BonJour's abductivist reply to skepticism

Philosophia 35 (2):181-196 (2007)
The abductivist reply to skepticism is the view that commonsense explanations of the patterns and regularities that appear in our sensory experiences should be rationally preferred to skeptical explanations of those same patterns and regularities on the basis of explanatory considerations. In this article I critically examine Laurence BonJour’s rationalist version of the abductivist position. After explaining why BonJour’s account is more defensible than other versions of the view, I argue that the notion of probability he relies upon is deeply problematic, that he incorporates an implausible double-standard concerning a priori and a posteriori justification, and that his view is vulnerable to skepticism about the a priori. I suggest that some of these problems are due to idiosyncratic commitments BonJour makes and that abductivists would be better off without them. I conclude with some suggestions about how to improve BonJour’s abductivist response to skepticism.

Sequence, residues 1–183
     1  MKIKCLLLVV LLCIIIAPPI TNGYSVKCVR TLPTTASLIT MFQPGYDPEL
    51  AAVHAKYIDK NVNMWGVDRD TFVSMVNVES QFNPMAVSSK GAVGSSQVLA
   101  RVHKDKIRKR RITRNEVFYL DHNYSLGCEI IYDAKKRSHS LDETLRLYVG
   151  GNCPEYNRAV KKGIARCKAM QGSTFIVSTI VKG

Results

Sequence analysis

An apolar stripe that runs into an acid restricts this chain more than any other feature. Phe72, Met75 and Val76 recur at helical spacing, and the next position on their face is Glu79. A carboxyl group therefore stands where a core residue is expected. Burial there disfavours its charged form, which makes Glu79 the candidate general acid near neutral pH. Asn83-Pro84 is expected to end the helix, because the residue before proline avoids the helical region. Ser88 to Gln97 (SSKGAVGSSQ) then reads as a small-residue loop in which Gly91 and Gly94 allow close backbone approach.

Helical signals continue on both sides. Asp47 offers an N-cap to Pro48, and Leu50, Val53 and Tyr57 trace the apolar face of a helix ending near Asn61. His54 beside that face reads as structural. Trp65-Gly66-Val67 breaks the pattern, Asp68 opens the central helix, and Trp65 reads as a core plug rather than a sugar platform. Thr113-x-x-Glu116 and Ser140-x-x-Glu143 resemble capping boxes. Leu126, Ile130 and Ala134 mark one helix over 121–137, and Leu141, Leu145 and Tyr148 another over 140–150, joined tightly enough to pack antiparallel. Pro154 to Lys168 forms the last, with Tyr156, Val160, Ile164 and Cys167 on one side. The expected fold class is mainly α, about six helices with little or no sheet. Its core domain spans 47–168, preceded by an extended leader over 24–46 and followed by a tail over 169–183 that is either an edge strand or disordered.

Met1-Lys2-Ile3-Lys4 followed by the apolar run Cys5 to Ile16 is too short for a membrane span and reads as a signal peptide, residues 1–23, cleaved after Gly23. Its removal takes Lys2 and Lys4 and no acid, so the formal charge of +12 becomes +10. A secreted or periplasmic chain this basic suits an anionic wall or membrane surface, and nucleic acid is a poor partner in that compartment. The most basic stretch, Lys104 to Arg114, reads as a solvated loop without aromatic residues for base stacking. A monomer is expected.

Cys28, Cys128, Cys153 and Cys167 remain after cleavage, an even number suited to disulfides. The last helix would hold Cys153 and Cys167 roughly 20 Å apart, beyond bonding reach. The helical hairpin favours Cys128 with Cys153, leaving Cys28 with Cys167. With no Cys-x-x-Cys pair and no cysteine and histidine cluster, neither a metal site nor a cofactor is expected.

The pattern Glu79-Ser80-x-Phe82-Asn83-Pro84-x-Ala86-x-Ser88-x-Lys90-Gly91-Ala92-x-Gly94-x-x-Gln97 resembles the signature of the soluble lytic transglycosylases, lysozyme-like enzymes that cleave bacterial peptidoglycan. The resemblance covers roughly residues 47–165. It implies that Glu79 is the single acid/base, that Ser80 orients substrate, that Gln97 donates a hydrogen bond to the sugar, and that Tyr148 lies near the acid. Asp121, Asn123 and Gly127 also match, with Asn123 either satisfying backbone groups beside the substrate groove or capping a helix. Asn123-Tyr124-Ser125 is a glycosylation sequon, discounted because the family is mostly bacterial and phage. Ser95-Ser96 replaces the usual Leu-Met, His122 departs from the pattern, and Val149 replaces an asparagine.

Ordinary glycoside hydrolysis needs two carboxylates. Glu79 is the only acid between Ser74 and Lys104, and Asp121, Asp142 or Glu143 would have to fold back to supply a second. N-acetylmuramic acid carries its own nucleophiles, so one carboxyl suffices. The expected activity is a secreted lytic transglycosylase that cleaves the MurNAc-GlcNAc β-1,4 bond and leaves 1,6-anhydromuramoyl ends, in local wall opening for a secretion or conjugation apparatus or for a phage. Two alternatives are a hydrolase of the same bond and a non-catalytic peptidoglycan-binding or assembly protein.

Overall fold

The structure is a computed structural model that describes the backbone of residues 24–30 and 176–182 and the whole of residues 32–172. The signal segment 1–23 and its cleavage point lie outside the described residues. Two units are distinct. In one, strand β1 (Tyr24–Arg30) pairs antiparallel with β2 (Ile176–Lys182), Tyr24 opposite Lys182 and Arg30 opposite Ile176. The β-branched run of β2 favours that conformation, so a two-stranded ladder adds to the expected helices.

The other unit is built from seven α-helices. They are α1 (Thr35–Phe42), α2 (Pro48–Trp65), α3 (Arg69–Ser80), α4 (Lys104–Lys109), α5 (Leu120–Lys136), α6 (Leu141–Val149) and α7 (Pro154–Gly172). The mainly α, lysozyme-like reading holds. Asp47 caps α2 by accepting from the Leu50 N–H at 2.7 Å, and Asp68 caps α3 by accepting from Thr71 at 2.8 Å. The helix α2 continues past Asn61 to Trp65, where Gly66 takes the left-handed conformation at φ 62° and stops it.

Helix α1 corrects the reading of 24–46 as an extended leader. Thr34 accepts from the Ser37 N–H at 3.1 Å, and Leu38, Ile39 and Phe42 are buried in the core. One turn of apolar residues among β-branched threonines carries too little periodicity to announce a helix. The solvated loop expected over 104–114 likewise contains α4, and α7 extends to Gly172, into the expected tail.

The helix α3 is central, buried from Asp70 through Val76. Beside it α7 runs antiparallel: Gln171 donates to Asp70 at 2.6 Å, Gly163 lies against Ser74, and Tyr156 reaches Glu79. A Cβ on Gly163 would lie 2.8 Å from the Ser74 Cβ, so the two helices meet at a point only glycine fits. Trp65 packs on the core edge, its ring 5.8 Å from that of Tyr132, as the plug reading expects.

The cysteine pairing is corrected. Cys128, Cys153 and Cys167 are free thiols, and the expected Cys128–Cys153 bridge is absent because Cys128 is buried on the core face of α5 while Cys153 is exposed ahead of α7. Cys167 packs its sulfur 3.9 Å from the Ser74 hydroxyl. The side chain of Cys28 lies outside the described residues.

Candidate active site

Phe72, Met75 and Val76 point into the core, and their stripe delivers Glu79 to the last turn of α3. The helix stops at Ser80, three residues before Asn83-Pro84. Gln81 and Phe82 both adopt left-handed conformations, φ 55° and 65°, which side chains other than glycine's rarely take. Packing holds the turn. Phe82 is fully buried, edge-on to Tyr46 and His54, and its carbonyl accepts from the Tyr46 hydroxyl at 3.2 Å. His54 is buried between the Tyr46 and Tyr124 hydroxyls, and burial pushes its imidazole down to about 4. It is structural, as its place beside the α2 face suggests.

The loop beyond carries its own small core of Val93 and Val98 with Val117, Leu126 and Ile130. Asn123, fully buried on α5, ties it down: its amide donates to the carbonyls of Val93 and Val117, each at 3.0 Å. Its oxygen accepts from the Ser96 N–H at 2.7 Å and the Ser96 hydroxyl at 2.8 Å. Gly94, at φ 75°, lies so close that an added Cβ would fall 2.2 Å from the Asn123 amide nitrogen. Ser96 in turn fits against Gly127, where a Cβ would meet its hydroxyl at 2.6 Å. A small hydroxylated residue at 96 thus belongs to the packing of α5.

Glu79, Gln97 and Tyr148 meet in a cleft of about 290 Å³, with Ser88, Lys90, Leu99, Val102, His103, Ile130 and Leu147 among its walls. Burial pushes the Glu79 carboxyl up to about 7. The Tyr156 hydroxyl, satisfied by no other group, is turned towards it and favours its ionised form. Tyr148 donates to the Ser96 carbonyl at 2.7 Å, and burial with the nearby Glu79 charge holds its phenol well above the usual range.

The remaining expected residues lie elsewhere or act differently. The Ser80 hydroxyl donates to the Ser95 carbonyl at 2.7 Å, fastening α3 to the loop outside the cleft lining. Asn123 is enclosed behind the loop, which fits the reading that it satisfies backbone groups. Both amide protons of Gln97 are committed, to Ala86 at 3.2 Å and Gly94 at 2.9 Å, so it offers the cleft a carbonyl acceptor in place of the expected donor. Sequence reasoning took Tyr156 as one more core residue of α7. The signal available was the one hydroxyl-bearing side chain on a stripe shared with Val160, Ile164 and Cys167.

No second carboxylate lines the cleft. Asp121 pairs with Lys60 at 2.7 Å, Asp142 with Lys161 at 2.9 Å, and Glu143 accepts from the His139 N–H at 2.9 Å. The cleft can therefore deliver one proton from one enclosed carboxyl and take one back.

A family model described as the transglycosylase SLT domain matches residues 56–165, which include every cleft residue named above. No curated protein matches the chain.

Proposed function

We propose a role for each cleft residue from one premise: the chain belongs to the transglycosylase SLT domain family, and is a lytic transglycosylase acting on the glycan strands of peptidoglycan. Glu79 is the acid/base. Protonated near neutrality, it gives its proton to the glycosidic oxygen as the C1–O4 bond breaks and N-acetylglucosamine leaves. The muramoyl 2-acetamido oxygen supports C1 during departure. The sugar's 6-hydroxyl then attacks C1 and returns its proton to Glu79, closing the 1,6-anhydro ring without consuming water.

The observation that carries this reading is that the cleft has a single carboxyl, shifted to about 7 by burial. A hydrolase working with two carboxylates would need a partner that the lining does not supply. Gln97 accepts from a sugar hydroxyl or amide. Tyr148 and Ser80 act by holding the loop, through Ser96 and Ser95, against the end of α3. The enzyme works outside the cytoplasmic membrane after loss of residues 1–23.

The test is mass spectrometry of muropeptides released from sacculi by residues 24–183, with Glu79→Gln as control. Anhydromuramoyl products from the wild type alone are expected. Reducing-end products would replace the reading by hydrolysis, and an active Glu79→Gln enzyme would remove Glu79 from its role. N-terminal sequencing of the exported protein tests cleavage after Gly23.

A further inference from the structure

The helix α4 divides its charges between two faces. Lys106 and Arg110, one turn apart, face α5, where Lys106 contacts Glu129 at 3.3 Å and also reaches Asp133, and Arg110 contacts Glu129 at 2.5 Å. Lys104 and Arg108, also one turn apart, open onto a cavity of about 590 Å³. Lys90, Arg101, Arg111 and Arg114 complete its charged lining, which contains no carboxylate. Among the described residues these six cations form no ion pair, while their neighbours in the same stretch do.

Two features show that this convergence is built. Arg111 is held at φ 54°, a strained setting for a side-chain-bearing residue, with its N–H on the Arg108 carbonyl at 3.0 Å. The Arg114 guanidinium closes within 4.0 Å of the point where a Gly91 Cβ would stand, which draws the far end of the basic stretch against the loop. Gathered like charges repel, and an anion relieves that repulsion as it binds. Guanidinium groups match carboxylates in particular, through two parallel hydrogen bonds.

Keywords Skepticism  Abductivism  Rationalism  Inference to the best explanation  BonJour  Explanationism
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DOI 10.1007/s11406-007-9055-y
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References found in this work BETA
Gilbert Harman (1973). Thought. Princeton University Press.

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Citations of this work BETA
James Beebe (2009). The Abductivist Reply to Skepticism. Philosophy and Phenomenological Research 79 (3):605 - 636.
James R. Beebe (2009). The Abductivist Reply to Skepticism. Philosophy and Phenomenological Research 79 (3):605-636.
Jonathan Vogel (2010). BonJour on Explanation and Skepticism. Studies in History and Philosophy of Science Part A 41 (4):413-421.

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